The start of Matthew chapter 10 begins with Jesus issuing the disciples their challenge to: “proclaim the good news, ‘The kingdom of heaven has come near.’ Cure the sick, raise the dead, cleanse the lepers, cast out demons. You received without payment; give without payment.” But remember, Jesus also warns them what might happen to them on the way, and in case they are under any misapprehension he tells them to flee to another town when they are persecuted. Jesus reminds the disciples that because the current dominant culture is opposing Him, they should expect no less. In other words they are not above the same treatment that their teacher encounters.

And, lastly, Jesus tells the disciples what they will encounter in families and communities as they deliver the good news. The reaction to the good news of the gospel may not be good news for the messengers. One last time:……..
“Do not think I have come to bring peace to the earth. I have not come to bring peace, but a sword.”

I think Jesus’ words might equally apply to us. The modern world offers some values that are not Jesus’ values, and we need to face our own current standards with his alternatives. It is realistic to admit that standing up for Jesus’ values may turn out to be uncomfortable and is unlikely to be trouble free. On the other hand what Jesus offered is a potential way of transforming relationships and bringing love to a loveless world. Now that is a goal worth pursuing.

Posted in Christianity, Progressive Sermons, Sermons | Tagged , , , | Leave a comment

Sermon for 11 June 2017, Trinity Sunday, Year A on Matthew 28: 16-20

Occasionally trying to sort out the meaning of words and ideas somehow misses the point. Let me give you an example. Like a number of you in this room I am a grandparent. The dictionary tells me that your grandparent means whoever is a parent of your father or mother. Clear enough? Well in my experience the dictionary misses the important meaning. When my two year old grandchild Bianca comes to visit and holds up her arms to be picked up, then brushes our golden retriever with my toothbrush, eats the dog-food and tips her cup of water into the dog’s bowl before she drinks it, I know I have a grandchild. When she picks up a book then climbs onto Shirley’s knee to be read to, Shirley is reminded that she has a real grandchild. The dictionary doesn’t quite tell us what being a grandparent means.

This coming Sunday is called Trinity Sunday so I would like to start with a question. What is it about the subject of the Trinity that might make any practical difference to our real relationships or to the lives any of us here in this present worship space?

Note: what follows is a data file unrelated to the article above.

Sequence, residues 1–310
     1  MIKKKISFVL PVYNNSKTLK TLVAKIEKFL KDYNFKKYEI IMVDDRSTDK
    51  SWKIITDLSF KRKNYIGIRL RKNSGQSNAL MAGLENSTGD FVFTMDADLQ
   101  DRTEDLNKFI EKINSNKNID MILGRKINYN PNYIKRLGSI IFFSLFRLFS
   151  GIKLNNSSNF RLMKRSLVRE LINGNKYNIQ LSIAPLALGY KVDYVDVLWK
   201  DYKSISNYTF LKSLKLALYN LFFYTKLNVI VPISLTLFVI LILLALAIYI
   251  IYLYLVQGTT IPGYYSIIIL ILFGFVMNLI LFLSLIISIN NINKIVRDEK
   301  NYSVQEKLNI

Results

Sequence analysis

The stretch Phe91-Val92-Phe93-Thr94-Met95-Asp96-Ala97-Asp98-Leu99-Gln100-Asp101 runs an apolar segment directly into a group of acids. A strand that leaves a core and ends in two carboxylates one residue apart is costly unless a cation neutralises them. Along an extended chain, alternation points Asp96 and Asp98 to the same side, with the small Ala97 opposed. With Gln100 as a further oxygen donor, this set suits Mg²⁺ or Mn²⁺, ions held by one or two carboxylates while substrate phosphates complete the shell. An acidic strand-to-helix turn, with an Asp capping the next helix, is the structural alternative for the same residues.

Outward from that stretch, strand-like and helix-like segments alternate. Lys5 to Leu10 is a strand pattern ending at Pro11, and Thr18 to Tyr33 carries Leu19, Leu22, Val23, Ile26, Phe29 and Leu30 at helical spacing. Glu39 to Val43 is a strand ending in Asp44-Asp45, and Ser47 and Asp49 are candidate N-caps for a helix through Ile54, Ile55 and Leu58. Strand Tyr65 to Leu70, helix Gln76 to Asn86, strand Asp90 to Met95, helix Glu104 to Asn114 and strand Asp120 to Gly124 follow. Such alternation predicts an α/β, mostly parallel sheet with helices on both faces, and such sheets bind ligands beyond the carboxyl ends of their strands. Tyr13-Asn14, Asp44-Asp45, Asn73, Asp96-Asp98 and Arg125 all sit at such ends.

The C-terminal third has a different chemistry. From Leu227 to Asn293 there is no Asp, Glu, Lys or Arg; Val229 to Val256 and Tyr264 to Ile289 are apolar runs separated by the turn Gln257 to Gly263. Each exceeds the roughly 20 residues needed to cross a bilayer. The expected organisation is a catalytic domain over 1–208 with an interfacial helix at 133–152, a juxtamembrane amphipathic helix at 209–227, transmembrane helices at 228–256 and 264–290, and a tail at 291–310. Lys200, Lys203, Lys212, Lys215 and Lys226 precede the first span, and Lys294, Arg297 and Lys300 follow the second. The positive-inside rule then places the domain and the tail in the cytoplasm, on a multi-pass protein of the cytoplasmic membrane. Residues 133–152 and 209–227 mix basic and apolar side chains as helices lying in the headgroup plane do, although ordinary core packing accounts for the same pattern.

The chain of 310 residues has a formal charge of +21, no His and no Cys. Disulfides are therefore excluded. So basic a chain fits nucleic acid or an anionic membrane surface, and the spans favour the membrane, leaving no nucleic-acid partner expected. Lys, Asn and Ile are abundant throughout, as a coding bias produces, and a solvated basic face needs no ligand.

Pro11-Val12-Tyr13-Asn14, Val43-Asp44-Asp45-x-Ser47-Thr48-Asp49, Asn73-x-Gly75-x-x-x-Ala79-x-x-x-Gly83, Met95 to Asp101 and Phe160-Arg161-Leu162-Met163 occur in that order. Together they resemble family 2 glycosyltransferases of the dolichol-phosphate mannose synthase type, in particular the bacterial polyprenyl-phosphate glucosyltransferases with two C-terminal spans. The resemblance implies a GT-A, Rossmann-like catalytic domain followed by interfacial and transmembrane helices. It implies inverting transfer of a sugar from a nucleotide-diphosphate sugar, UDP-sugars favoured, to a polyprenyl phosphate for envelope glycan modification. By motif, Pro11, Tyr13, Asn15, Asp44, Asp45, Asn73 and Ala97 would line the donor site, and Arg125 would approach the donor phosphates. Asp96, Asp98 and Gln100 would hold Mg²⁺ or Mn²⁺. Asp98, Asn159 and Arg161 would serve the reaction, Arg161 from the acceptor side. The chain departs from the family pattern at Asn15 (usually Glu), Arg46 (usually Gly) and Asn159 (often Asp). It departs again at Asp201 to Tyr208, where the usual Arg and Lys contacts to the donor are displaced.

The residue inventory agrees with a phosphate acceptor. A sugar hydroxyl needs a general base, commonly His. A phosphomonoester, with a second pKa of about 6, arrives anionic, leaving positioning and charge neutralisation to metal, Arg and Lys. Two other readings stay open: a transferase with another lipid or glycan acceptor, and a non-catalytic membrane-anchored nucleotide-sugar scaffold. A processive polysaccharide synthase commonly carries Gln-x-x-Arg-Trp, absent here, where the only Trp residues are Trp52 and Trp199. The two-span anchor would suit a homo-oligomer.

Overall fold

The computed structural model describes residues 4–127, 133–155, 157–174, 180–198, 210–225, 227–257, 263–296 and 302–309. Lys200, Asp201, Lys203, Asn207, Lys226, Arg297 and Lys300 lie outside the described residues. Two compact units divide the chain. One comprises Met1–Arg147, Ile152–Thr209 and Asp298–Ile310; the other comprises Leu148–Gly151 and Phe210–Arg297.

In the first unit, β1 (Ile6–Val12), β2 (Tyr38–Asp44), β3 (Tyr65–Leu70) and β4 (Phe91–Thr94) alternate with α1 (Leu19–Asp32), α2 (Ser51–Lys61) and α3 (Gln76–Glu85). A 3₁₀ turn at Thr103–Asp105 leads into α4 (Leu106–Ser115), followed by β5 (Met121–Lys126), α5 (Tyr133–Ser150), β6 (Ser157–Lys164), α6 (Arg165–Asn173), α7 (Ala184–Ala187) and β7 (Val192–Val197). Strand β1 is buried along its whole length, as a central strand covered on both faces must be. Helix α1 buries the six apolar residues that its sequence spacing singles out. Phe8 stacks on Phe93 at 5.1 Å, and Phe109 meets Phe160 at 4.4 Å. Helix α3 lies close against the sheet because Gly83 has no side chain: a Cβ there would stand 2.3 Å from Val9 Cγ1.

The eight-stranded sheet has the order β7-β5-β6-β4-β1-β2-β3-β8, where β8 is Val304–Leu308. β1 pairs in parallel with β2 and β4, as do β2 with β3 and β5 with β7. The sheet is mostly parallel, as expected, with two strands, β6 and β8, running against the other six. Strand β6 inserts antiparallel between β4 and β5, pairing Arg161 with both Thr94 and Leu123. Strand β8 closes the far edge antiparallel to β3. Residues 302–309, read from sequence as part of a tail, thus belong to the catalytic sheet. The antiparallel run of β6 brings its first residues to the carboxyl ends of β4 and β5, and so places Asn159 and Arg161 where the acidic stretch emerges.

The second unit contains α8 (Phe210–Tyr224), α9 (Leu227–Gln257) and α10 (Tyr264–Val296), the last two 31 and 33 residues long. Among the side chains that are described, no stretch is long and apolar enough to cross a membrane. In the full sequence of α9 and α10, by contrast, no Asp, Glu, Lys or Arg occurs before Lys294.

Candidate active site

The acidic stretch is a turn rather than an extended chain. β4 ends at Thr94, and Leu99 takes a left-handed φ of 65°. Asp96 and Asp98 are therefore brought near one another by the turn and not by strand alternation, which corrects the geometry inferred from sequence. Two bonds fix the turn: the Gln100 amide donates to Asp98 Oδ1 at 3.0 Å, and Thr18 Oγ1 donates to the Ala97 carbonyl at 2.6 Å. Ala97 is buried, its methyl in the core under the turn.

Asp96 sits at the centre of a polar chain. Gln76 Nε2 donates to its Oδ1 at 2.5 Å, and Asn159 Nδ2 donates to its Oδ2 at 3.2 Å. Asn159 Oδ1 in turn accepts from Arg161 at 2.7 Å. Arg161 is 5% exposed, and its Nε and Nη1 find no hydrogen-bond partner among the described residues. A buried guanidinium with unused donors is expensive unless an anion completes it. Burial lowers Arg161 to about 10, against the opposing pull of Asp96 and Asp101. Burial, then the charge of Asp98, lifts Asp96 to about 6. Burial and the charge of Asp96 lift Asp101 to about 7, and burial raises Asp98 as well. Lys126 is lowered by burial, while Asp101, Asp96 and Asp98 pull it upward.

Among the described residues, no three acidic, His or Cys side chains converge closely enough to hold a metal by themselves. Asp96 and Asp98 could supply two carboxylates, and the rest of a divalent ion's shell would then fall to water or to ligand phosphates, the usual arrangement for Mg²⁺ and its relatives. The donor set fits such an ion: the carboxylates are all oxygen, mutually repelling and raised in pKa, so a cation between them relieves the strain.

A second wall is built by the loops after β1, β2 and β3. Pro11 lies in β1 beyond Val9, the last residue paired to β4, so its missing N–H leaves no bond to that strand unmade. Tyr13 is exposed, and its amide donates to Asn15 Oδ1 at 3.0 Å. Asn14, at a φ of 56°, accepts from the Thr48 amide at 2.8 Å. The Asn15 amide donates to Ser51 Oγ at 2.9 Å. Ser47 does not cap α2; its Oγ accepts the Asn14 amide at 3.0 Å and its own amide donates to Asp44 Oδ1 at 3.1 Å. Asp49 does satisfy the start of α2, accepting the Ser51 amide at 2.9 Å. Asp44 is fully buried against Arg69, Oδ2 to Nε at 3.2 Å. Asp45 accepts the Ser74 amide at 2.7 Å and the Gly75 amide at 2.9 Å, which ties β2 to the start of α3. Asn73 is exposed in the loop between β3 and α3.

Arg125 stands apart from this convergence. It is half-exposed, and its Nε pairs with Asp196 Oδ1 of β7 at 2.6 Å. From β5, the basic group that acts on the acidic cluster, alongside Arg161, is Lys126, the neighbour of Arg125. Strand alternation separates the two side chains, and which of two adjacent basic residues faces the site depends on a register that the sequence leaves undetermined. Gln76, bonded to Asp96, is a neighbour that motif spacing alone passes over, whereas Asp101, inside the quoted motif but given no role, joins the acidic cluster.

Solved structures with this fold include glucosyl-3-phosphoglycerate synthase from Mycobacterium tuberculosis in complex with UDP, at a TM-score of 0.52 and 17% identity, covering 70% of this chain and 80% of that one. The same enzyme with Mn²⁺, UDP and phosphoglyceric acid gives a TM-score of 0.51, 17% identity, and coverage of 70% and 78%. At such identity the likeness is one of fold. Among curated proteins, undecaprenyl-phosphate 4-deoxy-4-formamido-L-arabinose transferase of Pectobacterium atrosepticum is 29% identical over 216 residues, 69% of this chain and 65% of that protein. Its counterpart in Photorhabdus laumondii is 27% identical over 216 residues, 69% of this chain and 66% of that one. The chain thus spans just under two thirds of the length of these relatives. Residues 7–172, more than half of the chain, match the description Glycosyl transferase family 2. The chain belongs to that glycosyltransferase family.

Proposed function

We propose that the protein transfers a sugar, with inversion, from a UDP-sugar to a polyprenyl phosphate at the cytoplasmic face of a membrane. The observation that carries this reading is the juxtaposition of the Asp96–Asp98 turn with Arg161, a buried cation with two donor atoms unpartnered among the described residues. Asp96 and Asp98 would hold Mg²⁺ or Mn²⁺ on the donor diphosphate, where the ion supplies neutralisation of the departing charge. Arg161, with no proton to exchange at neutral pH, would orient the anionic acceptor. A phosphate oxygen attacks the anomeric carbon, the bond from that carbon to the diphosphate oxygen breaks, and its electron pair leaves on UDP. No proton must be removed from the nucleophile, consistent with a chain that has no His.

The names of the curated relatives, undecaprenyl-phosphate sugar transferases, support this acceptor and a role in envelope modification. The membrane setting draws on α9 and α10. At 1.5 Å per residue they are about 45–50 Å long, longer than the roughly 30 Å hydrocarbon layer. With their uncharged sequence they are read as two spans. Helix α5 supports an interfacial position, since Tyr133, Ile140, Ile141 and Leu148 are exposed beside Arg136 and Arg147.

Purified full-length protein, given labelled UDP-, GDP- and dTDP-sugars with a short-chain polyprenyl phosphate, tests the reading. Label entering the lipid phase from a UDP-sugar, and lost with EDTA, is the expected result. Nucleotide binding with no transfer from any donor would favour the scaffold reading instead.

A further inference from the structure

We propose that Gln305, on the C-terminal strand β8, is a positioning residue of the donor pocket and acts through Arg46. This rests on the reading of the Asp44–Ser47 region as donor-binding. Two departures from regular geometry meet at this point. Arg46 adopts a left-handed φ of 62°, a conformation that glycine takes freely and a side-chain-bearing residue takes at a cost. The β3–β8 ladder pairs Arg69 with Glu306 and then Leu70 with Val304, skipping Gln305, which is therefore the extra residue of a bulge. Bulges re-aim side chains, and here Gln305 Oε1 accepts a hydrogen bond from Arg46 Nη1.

When lay people hear serious theologians discussing the Trinity with its long history of disputes, esoteric vocabulary, and at worst, its apparent disconnect with the everyday world, perhaps we should have some sympathy for those who prefer to leave the theologians to their discussion, perhaps choosing instead a game of cards or even a snooze in front of the Tele.

Some theologians might have nothing better to do than reflect on the astonishing assertion that the three persons of the Trinity are consubstantial – I hope you all know what that means because I can’t be certain that I do. Or perhaps for a good part of this last week you have been wondering why it took something like 300 years before the disputes about the emerging idea of the Trinity began to settle at the Council of Nicaea in 325 AD and the Council of Constantinople in 381. Did you know Augustine made at least twenty separate attempts to make the idea plain and are you surprised that some are tempted to ask why it was worth it?

However if you turn it around for those of us anxious to make sense of a sometimes dimly understood faith, and it meaning in sometimes confusing world,surely it all depends on whether or not the Trinity opens us to some new ways of thinking and encourages us to consider whether or not the idea opens us to new relationships.

You may already be aware that the word Trinity does not appear anywhere in the Bible but it is fair to say that some of the concepts and ideas on which it is based are at least being partially shaped, particularly in the writing of Matthew and Paul and by the time the early Church got around to its formulation a good number of the early Christians found it expressing what they wanted to say.

The small scale tribal God who could be carried on their travels in a box became progressively more inadequate as the Israelites started to think about the wonders of creation. And let’s face it, this is an idea that is still developing. Should we be surprised?   Almost every time God is encountered in the Bible (He?) is presented with an air of mystery leaving far more unknown than known.

Even today, modern Physicists who admit frankly they understand little of the workings of creation, would almost certainly caution anyone from making definitive statements about the nature of creation let alone any form of creator behind the process.